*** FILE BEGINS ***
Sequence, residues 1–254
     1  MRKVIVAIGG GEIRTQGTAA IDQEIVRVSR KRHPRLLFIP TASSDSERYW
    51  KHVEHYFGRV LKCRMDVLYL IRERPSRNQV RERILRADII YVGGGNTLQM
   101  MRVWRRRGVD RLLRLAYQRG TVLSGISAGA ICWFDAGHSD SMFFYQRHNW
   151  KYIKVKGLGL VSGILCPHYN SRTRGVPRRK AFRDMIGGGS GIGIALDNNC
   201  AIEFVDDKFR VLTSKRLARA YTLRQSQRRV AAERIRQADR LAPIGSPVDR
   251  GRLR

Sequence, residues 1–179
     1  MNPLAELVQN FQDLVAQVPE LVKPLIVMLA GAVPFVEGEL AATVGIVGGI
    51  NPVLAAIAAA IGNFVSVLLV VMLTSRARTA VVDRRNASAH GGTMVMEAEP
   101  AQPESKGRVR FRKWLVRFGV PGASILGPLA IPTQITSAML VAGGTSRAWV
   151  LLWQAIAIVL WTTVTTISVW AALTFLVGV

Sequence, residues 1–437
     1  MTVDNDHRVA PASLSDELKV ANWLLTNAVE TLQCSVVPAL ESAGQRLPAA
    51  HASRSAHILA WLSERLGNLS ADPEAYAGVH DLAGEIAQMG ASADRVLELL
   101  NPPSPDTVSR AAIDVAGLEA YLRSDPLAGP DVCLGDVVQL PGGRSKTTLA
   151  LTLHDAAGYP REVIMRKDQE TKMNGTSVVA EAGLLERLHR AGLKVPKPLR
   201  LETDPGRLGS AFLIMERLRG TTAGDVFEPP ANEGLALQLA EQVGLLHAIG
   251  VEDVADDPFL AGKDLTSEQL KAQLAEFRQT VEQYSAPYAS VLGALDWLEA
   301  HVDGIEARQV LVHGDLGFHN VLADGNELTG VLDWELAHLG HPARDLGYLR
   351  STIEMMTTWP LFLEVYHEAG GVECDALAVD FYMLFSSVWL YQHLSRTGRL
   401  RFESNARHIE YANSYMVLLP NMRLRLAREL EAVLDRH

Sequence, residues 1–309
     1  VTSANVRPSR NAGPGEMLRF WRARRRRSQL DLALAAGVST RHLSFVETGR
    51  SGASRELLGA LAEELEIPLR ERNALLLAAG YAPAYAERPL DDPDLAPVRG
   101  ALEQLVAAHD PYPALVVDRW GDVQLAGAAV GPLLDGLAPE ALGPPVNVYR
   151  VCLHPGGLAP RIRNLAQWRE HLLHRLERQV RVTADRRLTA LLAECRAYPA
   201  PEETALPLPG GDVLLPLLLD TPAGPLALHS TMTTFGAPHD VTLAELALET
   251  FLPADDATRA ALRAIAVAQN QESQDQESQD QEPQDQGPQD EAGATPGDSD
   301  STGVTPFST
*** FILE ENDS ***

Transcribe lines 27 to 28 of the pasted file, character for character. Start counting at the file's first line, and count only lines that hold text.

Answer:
   151  VCLHPGGLAP RIRNLAQWRE HLLHRLERQV RVTADRRLTA LLAECRAYPA
   201  PEETALPLPG GDVLLPLLLD TPAGPLALHS TMTTFGAPHD VTLAELALET